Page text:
While I was in Arizona, I listened to stake conference. A young woman gave a wonderful talk and shared a story about taking something negative in life and turning it around to something positive with an analogy of an apple and onion. I thought a lot about her words and wanted to make a podcast about some of my thoughts about unexpected changes in our lives. Join me today as I share these thoughts. Finding Refuge from the Storms of Life By Elder Ricardo P. Giménez, April 2020 "although our lives may at times be relatively smooth, the time will come for each of us when we will face unexpected challenges and storms that will push the limits of our ability to endure. Physical, mental, family, and employment challenges; natural disasters; and other matters of life or death are but some of the examples of the storms that we will face in this life. When faced with these storms, we often experience feelings of despair or fear. President Russell M. Nelson said, “Faith is the antidote for fear”—faith in our Lord Jesus Christ (“Let Your Faith Show,” Ensign or Liahona, May 2014, 29). As I have seen the storms that affect people's lives, I have concluded that no matter what kind of storm is battering us—regardless of whether there is a solution to it or whether there is an end in sight—there is only one refuge, and it is the same for all types of storms. This single refuge provided by our Heavenly Father is our Lord Jesus Christ and His Atonement. None of us are exempt from facing these storms.” bethnewellcoaching.com firstname.lastname@example.org
Buckle up because this is a contentious one folks. We got grumpy Guillermo on the pod today and he's complaining about dust. After the complaining about the dust is done with, we also discuss taking friends to the airport, and our segment Real or Fake this week is about Fall Out Boy songs. This week's blindfold February tournament is Best P Fruit. Enjoy!PapayaPassion FruitPeachPearPineapplePlumPomegranatePrune
YA Adaptation Month Part IV has some time to kill, so we start off with the mother of all YA dystopias - "The Giver"!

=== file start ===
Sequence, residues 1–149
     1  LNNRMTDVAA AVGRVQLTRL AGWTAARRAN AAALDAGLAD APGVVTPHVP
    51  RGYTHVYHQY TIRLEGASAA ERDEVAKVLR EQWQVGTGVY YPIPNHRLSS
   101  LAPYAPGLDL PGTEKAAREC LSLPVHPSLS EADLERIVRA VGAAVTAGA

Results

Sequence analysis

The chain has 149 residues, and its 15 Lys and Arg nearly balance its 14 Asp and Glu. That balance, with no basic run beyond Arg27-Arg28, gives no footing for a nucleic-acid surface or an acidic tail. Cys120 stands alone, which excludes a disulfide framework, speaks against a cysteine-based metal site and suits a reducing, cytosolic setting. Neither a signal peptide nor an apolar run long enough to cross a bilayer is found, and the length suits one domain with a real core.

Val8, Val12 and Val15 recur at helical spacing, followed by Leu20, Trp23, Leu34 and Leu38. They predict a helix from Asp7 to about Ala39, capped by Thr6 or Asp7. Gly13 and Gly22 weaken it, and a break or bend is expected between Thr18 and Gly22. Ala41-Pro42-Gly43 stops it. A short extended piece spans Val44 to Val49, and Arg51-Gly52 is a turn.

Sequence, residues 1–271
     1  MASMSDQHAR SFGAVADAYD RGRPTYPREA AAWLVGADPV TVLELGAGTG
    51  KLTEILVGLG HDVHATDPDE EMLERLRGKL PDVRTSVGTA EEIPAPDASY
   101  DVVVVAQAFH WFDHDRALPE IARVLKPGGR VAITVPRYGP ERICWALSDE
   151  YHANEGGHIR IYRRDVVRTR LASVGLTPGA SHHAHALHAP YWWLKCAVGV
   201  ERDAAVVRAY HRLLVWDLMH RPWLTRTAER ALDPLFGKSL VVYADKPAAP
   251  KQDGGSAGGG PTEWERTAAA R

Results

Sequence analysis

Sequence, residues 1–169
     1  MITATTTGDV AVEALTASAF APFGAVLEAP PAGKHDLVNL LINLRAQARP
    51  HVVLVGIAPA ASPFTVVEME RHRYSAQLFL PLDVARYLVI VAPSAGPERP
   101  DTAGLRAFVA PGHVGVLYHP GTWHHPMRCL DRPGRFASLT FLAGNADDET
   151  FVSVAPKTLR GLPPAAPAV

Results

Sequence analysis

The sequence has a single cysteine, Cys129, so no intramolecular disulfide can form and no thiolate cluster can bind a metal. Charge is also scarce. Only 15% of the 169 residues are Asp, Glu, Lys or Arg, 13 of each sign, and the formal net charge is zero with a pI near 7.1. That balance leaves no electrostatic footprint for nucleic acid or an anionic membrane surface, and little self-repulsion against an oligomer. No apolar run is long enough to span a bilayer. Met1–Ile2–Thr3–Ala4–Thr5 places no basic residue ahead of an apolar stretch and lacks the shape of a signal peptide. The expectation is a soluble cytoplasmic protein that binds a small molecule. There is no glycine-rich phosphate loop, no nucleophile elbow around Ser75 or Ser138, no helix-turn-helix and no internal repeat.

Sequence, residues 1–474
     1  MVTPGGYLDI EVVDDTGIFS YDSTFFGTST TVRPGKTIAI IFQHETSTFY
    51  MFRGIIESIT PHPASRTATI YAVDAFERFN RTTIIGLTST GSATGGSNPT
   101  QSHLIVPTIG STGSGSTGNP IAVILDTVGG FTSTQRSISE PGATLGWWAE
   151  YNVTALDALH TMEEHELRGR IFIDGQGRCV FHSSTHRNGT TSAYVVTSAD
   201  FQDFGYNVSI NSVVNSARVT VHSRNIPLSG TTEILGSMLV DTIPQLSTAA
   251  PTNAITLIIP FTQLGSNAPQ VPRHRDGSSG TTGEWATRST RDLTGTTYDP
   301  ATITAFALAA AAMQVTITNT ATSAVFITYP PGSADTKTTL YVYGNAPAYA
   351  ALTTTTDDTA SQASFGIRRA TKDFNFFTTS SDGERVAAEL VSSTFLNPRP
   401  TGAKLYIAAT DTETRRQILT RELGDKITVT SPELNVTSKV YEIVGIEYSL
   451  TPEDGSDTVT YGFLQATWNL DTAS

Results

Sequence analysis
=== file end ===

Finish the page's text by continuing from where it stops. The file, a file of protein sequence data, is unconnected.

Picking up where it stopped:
Welcome to the JWB Dynasty Digest, where we give you a consumable dynasty perspective. In today's episode we give some inside into Dynasty Fantasy Football ahead of the 2023 off-season and dive in to where the JWB Fantasy Football team ranks the NFL Wide Receivers for Fantasy Football! Intro - 0:00 Tier 5 | WR19 DJ Moore - 0:37 Tier 5 | WR20 Marquise Brown - 2:50 Tier 5 | WR21 Jerry Jeudy - 6:43 Tier 5 | WR22 Michael Pittman Jr. - 10:35 Tier 5 | WR23 Treylon Burks - 15:02 Tier 5 | WR26 Jahan Dotson - 19:52 Tier 5 | WR25 Christian Watson - 24:39 Tier 5 | WR26/27 George Pickens & Diontae Johnson - 28:17 Tier 5 | WR28/29 Rashod Bateman & Brandon Aiyuk - 35:01 Tier 6 | WR30 Amari Cooper - 40:49 Tier 6 | WR31 Terry McLaurin - 44:45 Tier 6 | WR32 DeAndre Hopkins - 47:37 Tier 6 | WR33/34 Christian Kirk & Calvin Ridley - 50:57 Tier 6 | WR35/36 Mike Evans & Keenan Allen - 56:07 Tier 6 | WR37 Courtland Sutton - 61:44 Tier 6 | WR38 Tyler Lockett - 64:04 Tier 6 | WR39/40 Jakobi Meyers & JuJu Smith-Schuster -66:23 Tier 6 | WR41/42 Mike Williams & Wan'Dale Robinson - 69:32 Outro - 72:15 Find us on Twitter! - twitter.com/JWB_FF Find Jake on Twitter! - twitter.com/Parry_FF Find Nate on Twitter! - twitter.com/nathangn Apples & Ginos Fantasy Hockey @ApplesGinos Come chat all things fantasy football including, but not exclusive to redraft fantasy football, dynasty fantasy football, best ball & more! DISCORD: https://discord.gg/uAby2DqDvZ Find all of our rankings, projections, articles and more at JWBFantasyFootball.com! Recorded 2/23/2023 ~9:45PM EST
American Conservative University